Bush intentionally deceived someone regarding Saddam's WMDs to help him achieve certain ends, someone was deceived, lying and deceit are considered wrong in the chosen moral framework, but the ends could plausibly have been expected to provide increased utility to the United States.I'll start from the end of the statement and work backwards. If the intended ends weren't good, then no means, even perfectly moral ones, could possibly be justified by them. For example, if Bush's intended ends were limited to benefiting friends at Haliburton, then there aren't any means, even those completely principled, that could be justified by such ends. Even if other things were accomplished, for example the beginning of a glorious and peaceful era in the Middle East and the rest of the world, if those ends weren't intended, they wouldn't justify any means under any moral framework. On the other hand, if Bush's ends were noble, but implausible, they still couldn't justify any means in any objective sense. I think that the intended utility (the expected gain minus the expected cost of every possible (foreseeable?) outcome) for the U.S. had to plausibly be positive for us to say that the intended ends were good. Therefore, I have to assume, for purposes of discussion, that Bush's intended ends in Iraq plausibly had beneficial utility for the United States.
I think it should be obvious that lying and deceit are wrong. However, moral relativists would disagree. They would say there is no objective good or evil and the way that each culture defines those sorts of things are morally equivalent. By their logic, Saddam was simply acting within his culture's (or sub-cultures) moral framework, and his actions, such as killing 300,000 Iraqi civilians and putting them in mass graves, could not be said to be objectively evil. That may be, but clearly for this dicussion we need to pick a moral framework where lying and deceit are wrong.
For the purposes of this discussion, we also have to assume that Bush intentionally attempted to deceive someone. Clearly, if he wasn't lying, or trying to deceive, or trying to mislead, then there are no potentially unprincipled means to discuss. The deception also had to be targeted at accomplishing the ends. Otherwise, there is no way to discuss whether or not these particular ends could have justified these particular means. So let's assume that Bush intentionally practiced deception in order to achieve particular ends. I'm far from sure this is actually true. In fact, I'm actually hoping it is true, because the alternative is that Bush actually believed that there were substantial WMDs to be found, which implies a serious failure of intelligence, which I think is pretty scary. In other words, I'd much prefer that Bush lied to me rather than find out he is actually clueless. Unfortunately, I find the latter more likely.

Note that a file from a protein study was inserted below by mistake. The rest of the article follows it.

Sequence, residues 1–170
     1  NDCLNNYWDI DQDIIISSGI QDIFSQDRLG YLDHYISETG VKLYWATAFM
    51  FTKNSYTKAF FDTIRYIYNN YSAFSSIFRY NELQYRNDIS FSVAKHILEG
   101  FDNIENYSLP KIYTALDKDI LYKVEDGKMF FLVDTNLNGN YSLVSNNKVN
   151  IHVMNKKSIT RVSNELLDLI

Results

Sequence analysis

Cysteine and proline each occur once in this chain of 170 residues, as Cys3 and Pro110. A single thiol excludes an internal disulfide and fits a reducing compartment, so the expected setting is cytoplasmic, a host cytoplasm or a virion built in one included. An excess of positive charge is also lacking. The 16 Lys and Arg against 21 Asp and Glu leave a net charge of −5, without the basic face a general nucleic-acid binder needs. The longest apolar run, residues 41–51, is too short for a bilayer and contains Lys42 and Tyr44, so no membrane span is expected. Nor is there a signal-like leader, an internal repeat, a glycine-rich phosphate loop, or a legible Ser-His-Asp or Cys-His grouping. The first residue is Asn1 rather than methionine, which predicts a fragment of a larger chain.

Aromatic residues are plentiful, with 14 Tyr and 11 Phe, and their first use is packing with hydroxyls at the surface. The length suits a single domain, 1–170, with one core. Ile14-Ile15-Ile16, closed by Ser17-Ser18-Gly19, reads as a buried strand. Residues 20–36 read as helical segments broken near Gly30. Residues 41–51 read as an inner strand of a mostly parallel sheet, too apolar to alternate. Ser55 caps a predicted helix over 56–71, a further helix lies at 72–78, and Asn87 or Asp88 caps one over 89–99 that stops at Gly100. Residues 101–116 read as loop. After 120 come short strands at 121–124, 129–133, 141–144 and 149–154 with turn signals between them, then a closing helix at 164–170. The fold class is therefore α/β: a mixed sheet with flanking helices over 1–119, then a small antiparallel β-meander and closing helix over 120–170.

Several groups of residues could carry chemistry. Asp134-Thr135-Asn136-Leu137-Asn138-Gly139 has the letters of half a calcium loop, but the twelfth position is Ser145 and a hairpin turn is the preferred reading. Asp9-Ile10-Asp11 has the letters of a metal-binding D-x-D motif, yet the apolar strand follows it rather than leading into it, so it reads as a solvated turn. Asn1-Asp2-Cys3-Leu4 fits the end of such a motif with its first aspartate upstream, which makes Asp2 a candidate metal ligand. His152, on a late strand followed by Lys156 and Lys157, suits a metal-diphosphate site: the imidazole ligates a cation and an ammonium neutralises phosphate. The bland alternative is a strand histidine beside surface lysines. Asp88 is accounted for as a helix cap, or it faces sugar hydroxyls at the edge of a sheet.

We also have to assume that the deceit succeeded and actually helped achieved the ends. In other words, the lies had to have been a necessary condition for achieving the ends. If the lies weren't a necessary condition for achieving those ends, then they weren't really means to those ends, and therefore would also undermine any potential debate about ends and means. Again, I'm not sure this is actually the case. I'm not sure how many people who had a say in the matter were fooled by the lies. I'm also not sure that Bush lying about WMDs was a necessary condition for the Iraqi invasion. Nonetheless, let's assume that the lies were a necessary condition for the Iraq invasion.
Okay, I think I've put together a coherent example with all important details defined. Any discussion? Do you agree with the analysis of the statement?